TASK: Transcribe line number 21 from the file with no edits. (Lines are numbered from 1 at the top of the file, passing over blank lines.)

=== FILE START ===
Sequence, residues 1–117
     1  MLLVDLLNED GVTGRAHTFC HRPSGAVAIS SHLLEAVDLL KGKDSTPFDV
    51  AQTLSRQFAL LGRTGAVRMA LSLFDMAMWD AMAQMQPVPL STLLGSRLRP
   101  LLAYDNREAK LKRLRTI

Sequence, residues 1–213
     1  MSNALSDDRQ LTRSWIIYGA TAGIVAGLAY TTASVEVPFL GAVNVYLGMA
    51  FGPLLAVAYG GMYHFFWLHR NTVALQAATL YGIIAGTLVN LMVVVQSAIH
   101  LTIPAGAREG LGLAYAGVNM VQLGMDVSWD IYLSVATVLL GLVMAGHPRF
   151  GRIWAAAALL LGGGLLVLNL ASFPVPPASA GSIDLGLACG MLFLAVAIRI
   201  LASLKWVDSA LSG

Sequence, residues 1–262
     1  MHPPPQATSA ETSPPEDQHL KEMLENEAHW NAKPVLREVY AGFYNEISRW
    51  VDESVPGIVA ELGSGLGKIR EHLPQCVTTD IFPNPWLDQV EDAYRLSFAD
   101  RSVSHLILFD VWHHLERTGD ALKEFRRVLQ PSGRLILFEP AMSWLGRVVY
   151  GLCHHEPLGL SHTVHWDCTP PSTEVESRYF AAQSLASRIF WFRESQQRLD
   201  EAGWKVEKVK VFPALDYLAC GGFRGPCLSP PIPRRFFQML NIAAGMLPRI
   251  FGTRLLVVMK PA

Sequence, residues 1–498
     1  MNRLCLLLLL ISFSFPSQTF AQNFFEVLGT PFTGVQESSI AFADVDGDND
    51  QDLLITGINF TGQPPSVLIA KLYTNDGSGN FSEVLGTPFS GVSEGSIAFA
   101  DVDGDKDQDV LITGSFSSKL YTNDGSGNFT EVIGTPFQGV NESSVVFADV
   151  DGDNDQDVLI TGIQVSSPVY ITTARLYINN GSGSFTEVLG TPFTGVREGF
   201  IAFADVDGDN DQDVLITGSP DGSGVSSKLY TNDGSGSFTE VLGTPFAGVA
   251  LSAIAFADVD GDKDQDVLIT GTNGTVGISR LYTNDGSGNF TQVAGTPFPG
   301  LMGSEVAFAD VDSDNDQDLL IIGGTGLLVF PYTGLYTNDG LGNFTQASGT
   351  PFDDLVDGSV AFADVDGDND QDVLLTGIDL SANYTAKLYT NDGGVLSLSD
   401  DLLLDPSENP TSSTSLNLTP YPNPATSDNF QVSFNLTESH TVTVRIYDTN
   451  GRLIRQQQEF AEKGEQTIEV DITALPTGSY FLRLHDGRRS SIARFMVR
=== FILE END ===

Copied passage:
   101  DVDGDKDQDV LITGSFSSKL YTNDGSGNFT EVIGTPFQGV NESSVVFADV